Another area to watch closely is seed crops and the next generation of agricultural research that may take place in the Islands. Seed crops (mainly corn) have been a strong player in the state’s agricultural economy. The biggest seed companies in the world, such as Pioneer Hi-bred and Dow Agrosciences subsidiary Mycogen Seeds, have come to Hawaii because they can jam four growing seasons into a single year, the only place in the United States where this is possible. It allows them to arrive at experimental conclusions and grow seed for Mainland fields far more quickly. In 2001, seed crops were valued at $32 million, well up from $24 million in 1997.

Few expect seed-crops companies to continue growing their operations here at that pace, but what Hashimoto and others hope is that the success of seed crops will lure research to Hawaii in exotic agriculture, such as so-called “biopharming.” This is the nascent science of genetically engineering food products that contain vaccines, proteins, nutrients or other substances that could be used for medical treatments. Since they would be priced more like drugs than food crops, the potential for high-value research and development work in this area is enormous, Hashimoto says.

It’s a touchy subject, however, as genetically modifying crops remains a political lightning rod –- and one that has perhaps hurt Hawaii already in the papaya market. “There is a lot of uproar going, and I have a concern that the Hawaii rainbow-papaya growers have not been forthright with the customers,” says John Roberts, senior vice president for Medford (Oregon) Bear Creek Corp., the parent company of Harry and David’s, America’s largest food catalog business, which sells Hawaii apple bananas and pineapples, but not papayas.

Dry Onions: Acreage, yield, production, price and value, by counties, ‘97-’01
Year Harvested Acres Yield/Acre 1,000 lbs. Production 1,000 lbs. Farm Price cents/lb. Value of Sales $1,000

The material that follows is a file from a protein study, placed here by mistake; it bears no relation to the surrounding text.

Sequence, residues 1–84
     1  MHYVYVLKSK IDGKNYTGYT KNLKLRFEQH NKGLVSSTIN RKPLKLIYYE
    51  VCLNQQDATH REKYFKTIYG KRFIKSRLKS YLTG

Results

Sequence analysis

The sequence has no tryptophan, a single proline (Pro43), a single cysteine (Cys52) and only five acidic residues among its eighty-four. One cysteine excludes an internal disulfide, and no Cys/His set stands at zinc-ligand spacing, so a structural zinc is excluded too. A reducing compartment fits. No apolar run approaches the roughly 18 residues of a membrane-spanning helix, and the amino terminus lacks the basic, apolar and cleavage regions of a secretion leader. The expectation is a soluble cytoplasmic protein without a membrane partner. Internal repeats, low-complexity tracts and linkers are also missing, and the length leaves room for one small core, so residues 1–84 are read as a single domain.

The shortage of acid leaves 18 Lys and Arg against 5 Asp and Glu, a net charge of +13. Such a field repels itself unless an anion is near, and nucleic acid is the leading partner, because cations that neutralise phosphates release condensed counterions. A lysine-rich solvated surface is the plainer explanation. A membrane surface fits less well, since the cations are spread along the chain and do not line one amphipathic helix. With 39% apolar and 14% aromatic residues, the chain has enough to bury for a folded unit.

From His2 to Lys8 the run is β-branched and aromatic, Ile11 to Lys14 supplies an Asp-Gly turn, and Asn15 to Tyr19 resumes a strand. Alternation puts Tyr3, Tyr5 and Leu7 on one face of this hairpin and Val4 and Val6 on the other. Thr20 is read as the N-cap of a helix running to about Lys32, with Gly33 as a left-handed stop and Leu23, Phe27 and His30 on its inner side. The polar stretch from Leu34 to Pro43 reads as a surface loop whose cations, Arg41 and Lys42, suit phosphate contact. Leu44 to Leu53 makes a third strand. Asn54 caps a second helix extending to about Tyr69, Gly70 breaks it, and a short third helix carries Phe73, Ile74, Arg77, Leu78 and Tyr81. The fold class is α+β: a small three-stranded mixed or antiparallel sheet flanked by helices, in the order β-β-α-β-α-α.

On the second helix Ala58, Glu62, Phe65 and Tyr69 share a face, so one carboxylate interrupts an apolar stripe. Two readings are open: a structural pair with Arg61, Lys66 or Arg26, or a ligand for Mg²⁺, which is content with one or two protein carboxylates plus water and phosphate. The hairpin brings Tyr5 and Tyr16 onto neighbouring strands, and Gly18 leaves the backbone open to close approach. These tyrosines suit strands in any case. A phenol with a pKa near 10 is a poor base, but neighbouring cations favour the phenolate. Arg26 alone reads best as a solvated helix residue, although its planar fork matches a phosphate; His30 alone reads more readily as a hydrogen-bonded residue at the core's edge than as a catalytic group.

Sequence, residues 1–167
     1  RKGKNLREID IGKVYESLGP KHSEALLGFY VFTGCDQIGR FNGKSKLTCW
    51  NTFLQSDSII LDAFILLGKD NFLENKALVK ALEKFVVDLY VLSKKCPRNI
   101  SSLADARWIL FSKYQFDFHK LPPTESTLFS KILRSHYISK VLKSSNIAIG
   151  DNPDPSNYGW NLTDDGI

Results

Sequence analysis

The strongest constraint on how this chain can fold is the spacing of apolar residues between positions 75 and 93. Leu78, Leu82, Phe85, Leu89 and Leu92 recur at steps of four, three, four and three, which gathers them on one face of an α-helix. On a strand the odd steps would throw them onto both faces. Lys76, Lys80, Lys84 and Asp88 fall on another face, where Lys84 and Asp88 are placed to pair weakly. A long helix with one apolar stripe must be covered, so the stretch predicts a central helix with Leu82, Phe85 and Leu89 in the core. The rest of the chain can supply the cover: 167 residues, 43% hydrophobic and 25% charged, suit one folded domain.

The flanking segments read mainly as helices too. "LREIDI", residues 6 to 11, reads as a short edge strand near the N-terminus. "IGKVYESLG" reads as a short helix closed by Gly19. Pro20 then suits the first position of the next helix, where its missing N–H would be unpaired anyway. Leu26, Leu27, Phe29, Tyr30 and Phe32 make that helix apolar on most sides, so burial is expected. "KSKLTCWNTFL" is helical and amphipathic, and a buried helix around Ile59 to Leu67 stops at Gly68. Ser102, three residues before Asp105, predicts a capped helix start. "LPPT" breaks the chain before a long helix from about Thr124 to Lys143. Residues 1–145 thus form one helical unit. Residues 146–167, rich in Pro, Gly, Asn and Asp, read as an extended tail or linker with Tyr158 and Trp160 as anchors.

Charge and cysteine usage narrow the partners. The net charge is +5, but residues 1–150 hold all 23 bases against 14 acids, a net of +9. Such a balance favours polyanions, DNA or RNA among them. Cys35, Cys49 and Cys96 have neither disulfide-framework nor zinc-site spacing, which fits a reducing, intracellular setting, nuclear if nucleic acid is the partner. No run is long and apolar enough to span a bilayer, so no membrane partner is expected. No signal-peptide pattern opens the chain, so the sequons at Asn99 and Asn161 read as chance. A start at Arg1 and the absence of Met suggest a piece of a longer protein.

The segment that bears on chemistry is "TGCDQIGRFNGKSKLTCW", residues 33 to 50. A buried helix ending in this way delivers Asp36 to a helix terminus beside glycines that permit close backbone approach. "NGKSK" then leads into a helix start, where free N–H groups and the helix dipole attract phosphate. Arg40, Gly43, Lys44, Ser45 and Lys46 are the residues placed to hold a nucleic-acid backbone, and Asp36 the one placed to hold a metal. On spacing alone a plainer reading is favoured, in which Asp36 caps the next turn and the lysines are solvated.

STATE¹
1997 185 9.2 1700 98 1666
1998 270 13 3500 73 2555
1999 310 11 3400 67 2278
2000 340 12.6 4300 71 3053
2001 300 18 5400 75 4050
COUNTIES
HAWAII/HONOLULU/KAUAI²
1997 5 2 10 80 8
1998 35 14.3 500 37.5 188
1999 120 4.2 500 43.2 216
2000 150 10.7 1600 61.7 987
2001 150 21.7 3250 63.3 2057
MAUI
1997 180 9.4 1690 98.1 1658
1998 235 12.8 3000 78.9 2367
1999 190 15.3 2900 71.1 2062
2000 190 14.2 2700 76.5 2066
2001 150 14.3 2150 92.7 1993

Another touchy subject is the role of the state in the agricultural sector. A&B’s Holaday says that up to now, the state Department of Agriculture has focused far more energy on enforcement of regulations than on building agriculture in the state. That’s something that incoming director Kunimoto aims to change. She will likely get the mandate to do it with a pro-business Lingle administration at the helm. For sure, Hashimoto and his troops at CTAHR will need all the help they can get from the state and others to make their ambitious goal a reality and convert ag from a sector in transition into a much-needed economic dynamo in Hawaii.

Hawaii Business magazine invites you to comment on our articles and the issues they raise. Comments are moderated for offensive language, commercial messages and off-topic posts and may be deleted. Some comments may be chosen for inclusion in the magazine on the Feedback page.

Add your comment:

 

Don't Miss an Issue!
Hawaii Business,March